That joy included the sketch “Low Budget Tales of Cliched Horror” on The Ben Stiller Show, even though the radio setting was hardly the target of the satire. Instead, it expertly mocks the syndicated horror anthology television series that were weirdly prominent for a stretch in the late-nineteen-eighties and early-nineteen-nineties. And it takes a little swipe at Talk Radio while it’s at it, which I also greatly appreciated at the time.

And he’s actually wearing headphones while on the air, a detail most visual depictions of the medium opt to omit. It’s no wonder I enjoy it as much as I do.

Laughing Matters: The Ben Stiller Show, “A Few Good Scouts”

Sometimes comedy illuminates hard truths with a pointed urgency that other means can’t quite achieve. Sometimes comedy is just funny. This series of posts is mostly about the former instances, but the latter is valuable, too.

For reasons that are probably obvious, a certain sketch from The Ben Stiller Show has been on my mind today.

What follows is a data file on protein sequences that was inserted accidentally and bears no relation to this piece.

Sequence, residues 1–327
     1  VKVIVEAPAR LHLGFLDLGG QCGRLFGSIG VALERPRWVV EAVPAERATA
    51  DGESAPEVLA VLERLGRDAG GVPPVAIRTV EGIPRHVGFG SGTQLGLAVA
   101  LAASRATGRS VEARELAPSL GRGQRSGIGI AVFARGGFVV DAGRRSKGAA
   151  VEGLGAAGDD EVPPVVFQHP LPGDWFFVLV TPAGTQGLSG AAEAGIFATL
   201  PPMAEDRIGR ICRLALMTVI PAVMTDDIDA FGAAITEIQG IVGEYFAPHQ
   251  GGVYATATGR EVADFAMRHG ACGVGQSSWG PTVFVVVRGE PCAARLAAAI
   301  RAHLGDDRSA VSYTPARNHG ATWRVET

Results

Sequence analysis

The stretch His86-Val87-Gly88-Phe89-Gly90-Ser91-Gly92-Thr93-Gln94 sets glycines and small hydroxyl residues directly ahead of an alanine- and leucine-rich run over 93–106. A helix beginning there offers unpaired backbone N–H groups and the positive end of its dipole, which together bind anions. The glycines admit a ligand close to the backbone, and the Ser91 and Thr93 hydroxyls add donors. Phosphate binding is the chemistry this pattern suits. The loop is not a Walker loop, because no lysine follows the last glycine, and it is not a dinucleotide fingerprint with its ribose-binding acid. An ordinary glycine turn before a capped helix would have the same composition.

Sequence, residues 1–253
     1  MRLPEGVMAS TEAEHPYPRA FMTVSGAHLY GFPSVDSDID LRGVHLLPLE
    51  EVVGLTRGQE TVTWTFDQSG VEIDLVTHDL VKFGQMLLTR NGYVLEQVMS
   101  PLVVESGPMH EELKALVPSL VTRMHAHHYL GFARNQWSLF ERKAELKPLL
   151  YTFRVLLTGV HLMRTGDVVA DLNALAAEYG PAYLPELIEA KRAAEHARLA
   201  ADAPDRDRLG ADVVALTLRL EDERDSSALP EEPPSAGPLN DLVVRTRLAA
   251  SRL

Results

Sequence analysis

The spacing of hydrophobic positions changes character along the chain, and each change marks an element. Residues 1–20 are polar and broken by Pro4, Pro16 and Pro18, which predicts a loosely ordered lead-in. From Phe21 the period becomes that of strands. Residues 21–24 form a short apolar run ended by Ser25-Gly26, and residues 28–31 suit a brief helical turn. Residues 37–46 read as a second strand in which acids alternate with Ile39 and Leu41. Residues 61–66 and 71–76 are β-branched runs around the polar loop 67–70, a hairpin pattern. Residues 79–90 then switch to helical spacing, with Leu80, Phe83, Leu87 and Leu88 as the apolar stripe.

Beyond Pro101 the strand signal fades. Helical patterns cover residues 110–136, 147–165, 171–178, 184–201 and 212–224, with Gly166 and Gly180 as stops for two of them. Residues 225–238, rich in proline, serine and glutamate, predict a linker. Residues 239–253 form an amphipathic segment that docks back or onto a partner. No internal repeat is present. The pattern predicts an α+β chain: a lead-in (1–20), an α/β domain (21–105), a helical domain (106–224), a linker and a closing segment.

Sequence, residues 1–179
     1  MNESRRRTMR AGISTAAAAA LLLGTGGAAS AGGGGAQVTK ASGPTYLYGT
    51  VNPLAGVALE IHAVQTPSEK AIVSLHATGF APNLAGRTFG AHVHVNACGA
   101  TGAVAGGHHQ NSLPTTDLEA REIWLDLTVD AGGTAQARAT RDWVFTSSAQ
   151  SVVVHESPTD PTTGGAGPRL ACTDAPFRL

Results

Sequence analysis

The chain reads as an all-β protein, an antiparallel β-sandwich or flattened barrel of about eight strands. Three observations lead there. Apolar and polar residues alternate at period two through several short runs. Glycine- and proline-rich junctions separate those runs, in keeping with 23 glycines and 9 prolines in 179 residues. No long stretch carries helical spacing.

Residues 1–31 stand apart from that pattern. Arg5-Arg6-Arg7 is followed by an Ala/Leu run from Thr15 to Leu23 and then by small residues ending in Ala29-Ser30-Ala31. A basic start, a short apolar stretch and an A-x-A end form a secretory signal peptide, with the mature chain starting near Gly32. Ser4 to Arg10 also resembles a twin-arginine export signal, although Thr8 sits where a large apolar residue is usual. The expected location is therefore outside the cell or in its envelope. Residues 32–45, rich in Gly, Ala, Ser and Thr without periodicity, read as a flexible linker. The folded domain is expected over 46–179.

Since I have previously written about precisely why this sketch — and everything from the one and only season of The Ben Stiller Show — delights me so, I will let the splendid parody speak for itself.

Laughing Matters: Sniglets

Sometimes comedy illuminates hard truths with a pointed urgency that other means can’t quite achieve. Sometimes comedy is just funny. This series of posts is mostly about the former instances, but the latter is valuable, too.

I would be overjoyed to report that my formative experiences with comedy were edgy and cool. There were certainly some personally favored selections that skewed to the countercultural — Andy Kaufman, Richard Pryor, Saturday Night Live when it still fit into that category — but I was often responding to some embedded silliness rather than anything truly subversive. In short, I was always a dork.

Few things prove that premise more decisively than one of the recurring comedy bits I committed to most fervently in the early nineteen-eighties. Not Necessarily the News was a surprisingly long-lived sketch comedy show on HBO. Amidst the usual parodies, character-driven bits, and simple skewering of the events of the day, the show provided a platform for comedian Rich Hall to introduce “sniglets,” which he defined as words that don’t appear in the dictionary, but should. In practice, they were sort of like malaprops infused with logic and applied to the minutiae of life.